The Downfall of Fox News: Part II - The Finishing Blows

The Downfall of Fox News: Part II - The Finishing Blows

Image Source: Public Domain

Image Source: Public Domain

Eric Lendrum, Politics Contributor
 
Opinion -- In the previous installment last week, I discussed how the once-great Fox News Channel - the ratings giant and true shining example for how a cable news channel can be Fair & Balanced - has been collapsing before our eyes. I highlighted the key problems that arose within the last couple of years, particularly the ones that we may have missed: Greg Gutfeld’s departure from Red Eye and Red Eye’s subsequent cancellation; the rise and fall of Megyn Kelly, purely of her own character flaws; and the rather quiet departure of Greta Van Susteren in the summer of multiple female personalities departing the network.
 
Now, it’s on to the two major death blows to the network. While all the previously aforementioned problems could have ultimately been brushed off, these two are irreversible calamities that have doomed the channel into a ratings decline and a fall from favor among conservative audiences.
 
Bill O’Reilly: This is the big one. This was the death blow for Fox News. I grew up watching The O’Reilly Factor, and although I had somewhat stopped watching in recent years, I will always acknowledge the sheer significance of this cable news giant, a show as old as the channel itself. Occupying the key primetime slot of 5 PM EST, the show ultimately reigned as the #1 cable news show for 15 consecutive years, especially dominating in the key 25-54 demographic. The show also helped give rise to two other Fox News stars and their own shows: Megyn Kelly and The Kelly File, and Jesse Watters and Watters’ World - both named after the respective segments of the same names from O’Reilly’s show.
 
And yet, O’Reilly found himself as the latest victim of the left’s favorite character assassination tactic: Several largely unsubstantiated accusations of sexual harassment and/or assault. Although the network and O’Reilly seemed to be mitigating this mess fairly well at first, it took a turn for the worst when he was fired on April 19, 2017. And the results speak for themselves: As The Blaze reported, Fox News’ ratings plummeted across the board, both in the various primetime slots and in the crucial 25-54 demographic, obviously as a result of O’Reilly’s audience leaving with him. All of the other primetime shows - The Story with Martha MacCallum, The Five, and even Tucker Carlson’s show - fell behind other shows from rival networks such as CNN, and even MSNBC. And when you’re falling behind MSNBC ratings, you’re definitely in trouble.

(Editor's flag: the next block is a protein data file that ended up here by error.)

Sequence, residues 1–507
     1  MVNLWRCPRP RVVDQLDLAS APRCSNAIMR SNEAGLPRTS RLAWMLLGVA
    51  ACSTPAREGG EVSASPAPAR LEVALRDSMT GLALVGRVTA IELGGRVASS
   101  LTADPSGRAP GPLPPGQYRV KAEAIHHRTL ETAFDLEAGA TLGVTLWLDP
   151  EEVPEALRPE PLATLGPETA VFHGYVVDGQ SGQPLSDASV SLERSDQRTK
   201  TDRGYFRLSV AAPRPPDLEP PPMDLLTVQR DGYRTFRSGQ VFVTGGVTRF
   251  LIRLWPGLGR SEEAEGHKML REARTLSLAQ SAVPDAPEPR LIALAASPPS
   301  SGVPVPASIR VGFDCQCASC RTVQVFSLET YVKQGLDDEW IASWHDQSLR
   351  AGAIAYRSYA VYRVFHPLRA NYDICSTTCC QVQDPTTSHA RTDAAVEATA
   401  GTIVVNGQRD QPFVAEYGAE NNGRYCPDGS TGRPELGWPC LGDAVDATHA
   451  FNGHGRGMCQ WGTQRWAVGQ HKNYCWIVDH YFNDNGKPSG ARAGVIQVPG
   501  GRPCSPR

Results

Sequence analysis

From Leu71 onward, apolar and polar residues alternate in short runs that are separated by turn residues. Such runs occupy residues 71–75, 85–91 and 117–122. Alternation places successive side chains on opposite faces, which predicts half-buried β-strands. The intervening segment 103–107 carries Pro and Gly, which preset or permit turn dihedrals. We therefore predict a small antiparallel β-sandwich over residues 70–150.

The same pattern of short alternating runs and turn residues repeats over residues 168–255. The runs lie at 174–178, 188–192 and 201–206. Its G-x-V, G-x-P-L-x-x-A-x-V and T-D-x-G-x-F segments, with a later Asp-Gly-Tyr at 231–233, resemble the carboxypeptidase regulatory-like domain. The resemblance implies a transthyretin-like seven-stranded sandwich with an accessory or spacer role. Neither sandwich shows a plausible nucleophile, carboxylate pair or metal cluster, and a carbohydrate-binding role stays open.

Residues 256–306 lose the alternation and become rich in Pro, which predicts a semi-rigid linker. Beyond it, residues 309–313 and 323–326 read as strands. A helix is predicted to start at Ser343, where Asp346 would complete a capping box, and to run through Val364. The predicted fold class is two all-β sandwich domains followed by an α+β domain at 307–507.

O’Reilly himself said it best, in an interview with Beck following his firing: “Fox News has a problem. There’s no doubt about it. Whenever you lose a key person...you better have a plan. And it doesn’t look like FNC has a plan.” And indeed, even if they did have a plan, it’s hard to imagine a plan that could adequately make up for the 5 to 6 million views, per episode, that O’Reilly was garnering.
 
Sean Hannity: This is the final blow. While O’Reilly’s firing undoubtedly marked the beginning of the end, Hannity’s current dilemma would create a deadly 1-2 combo that would hasten Fox’s demise. Hannity too has been a staple of the channel since it was first founded, with his original show Hannity & Colmes (alongside the late Alan Colmes), and with his current show, simply titled Hannity. He has arguably been the network’s biggest supporter of President Trump, and as such, played a crucial role in the election by expressing this support to his also sizeable audience.
 
Now, in a defining moment of truth for conservative media, Hannity is coming under fire as well for an even more ridiculous reason. Even more frustrating than false sexual harassment allegations, Hannity is being criticized for covering the very crucial - if not outright suppressed - story of the murder of DNC staffer Seth Rich. This has led to left-wing protests of Hannity’s show and pressuring of advertisers to drop his program, some of which have done just that. Hannity is currently on vacation from the channel, and has since confirmed that he is considering leaving Fox News. And all of this is simply because Hannity is trying to get to the bottom of a story that he - and many others - view as important, no matter how controversial. In short, he is being punished for seeking the truth; and Fox seems ready to cave on this one too, just as they did with O’Reilly. Only time will tell now what Hannity’s final decision is, but the fact that he has already come to this point tells you all you need to know about the sad state of the once-beloved network.
 
Conclusion: With all this said, it is abundantly clear that Fox News’ best days are long gone. Many of its original stars and primetime hosts have moved on, with only a few prominent exceptions such as Bret Baier and Shepherd Smith - and those individuals are more focused on direct news coverage rather than giving their own two cents. Although Fox has seen a couple of new stars rise to the spotlight, such as Tucker Carlson and Jesse Watters - they are clearly losing old talent faster than they are hiring new ones. Up until very recently, the few who departed as parting shots at the network itself - Carlson, Andrea Tantaros, Kelly - weren’t nearly as strong in the ratings as those whom the network is actively firing now, such as O’Reilly and Hannity.
 
It is all too fitting that this happens right around the same time that Fox News’ founder and CEO, the great Roger Ailes, passed away. His passing is indeed every bit as symbolic as it was tragic. The end of an era, one that died a slow, agonizing death rather than passing on gracefully.
 
Rest In Peace, Fox News: 1996 - 2017.
 
You can follow the author on Twitter: @EricLendrum26.

 
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